who rescued the Massorah from perdition, and for the first time 
collated, compiled, and gave to the world in a printed form the grand 
critico-exegetical apparatus, bequeathed to us by the Jews of olden 
times. Even the date and the place of his birth are matters of 
conjecture, and can only be approximately guessed from the autobio- 
graphical fragments scattered through his writings. 

In his celebrated Introduction to the Rabbinic Bible, which we 
publish with an English translation, he tells us that he was a resident 
of Tunis ; and it is concluded, from this remark, that this ancient city 
was his native place. Hence he is also called TunisL Indeed Furst, 
who, in his work on Hebrew Bibliography, treats on our author under 
the name Jacob b. Chajim, has also a second notice of him under 
TunisL 1 It is, however, to be remarked, that Jacob b. Chajim does 
not call Tunis his native place, but simply says that he resided in it 
and prosecuted his studies therein. 8 Nor must we omit to state that 
he calls himself Jacob Ibn Adonijah, and that this, or simply Ibn 
Adonijah, is the surname by which he is quoted in the writings of his 
learned contemporaries. 8 But though Ibn Adonijah is the more 
correct appellation, we shall not entirely discard the name Jacob b. 
Chajim, because he is better known by ifc in modern days. 

From the fact that Jacob b. Chajim carried through the press of 
the celebrated Daniel Bomberg, at Venice, the complete editions of the 
Babylonian and Jerusalem Talmuds, in 1520-1523, it may reasonably 

1 Comp. Bibliotheca Judaica, vol. ii., p. 17, with vol. iii., p. 451. 

9 waTcnp Vm nxfi mp toh nymn d^itd! mob to ipro *ft*m pvn *nm w ito,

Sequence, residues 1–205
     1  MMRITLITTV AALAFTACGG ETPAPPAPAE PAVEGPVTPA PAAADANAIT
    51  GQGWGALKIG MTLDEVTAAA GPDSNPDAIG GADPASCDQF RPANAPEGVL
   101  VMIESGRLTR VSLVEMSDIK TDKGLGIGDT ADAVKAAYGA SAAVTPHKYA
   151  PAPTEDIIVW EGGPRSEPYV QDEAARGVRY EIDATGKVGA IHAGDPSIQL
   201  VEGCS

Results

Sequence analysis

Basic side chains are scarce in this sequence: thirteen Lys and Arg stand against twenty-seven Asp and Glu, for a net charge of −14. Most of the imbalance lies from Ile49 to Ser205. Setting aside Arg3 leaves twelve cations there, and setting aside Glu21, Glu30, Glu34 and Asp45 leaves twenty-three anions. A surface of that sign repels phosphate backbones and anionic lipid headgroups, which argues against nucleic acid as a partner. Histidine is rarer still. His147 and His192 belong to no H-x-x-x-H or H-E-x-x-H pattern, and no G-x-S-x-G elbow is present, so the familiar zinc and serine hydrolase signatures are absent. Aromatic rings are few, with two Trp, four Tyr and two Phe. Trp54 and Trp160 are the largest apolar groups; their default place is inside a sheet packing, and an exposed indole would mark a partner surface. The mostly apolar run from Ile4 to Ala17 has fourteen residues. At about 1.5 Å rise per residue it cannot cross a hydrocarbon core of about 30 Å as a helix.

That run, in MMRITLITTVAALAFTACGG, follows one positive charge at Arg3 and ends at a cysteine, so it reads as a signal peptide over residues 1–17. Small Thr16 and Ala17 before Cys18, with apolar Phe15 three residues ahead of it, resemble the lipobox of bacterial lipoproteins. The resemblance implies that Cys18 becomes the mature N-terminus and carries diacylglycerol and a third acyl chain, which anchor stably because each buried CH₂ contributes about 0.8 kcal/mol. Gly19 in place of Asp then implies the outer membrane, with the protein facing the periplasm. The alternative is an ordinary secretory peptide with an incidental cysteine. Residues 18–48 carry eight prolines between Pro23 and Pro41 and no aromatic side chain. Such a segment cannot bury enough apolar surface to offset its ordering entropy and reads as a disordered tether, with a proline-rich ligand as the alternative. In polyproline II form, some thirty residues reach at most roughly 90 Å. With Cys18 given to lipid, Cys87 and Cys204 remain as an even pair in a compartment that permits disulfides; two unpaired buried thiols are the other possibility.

nonpn, vide infra, p. 38. 

8 Thns in this Introduction {vide infra, p. 36), and in the Treatise on the Points 
and Accents which is printed in the npper and lower margins of the Massorah finalis, 
he calls himself Jacob b. Chajim b. Isaac Ibn Adonijah frrvmn 'J pmr p D*rr p ipJP). 
Levita, in the poem at the end of the Bible, calls him Jacob [ibn] Adonijah (apjp 
nWN); whilst De Kossi (1513-1577), simply calls him Ibn Adonijah (imTN *]). 
Comp. Meor Enajim, part iii., cap. lix., p. 471, ed. Cassel, Berlin, 1867. 

B 



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be concluded that he was then at least fifty years of age, and that he . 
was born about 1470. Whether his ancestors were among the first 
and second masses of emigrants from Spain, who successively fled 
from that accursed country, to escape the fiery persecution consequent 
upon the successive inflammatory preachings of the fanatical priests, 
Fernando Martinez (March 16 — August 1891), and Vincente Ferrer 
(1412-1414), and settled down in the North of Africa by thousands ; 
or whether they were among the three hundred thousand who were 
expelled from Spain in 1492, is difficult to decide. According to the 
former view, Ibn Adonijah, though of Spanish descent, was born at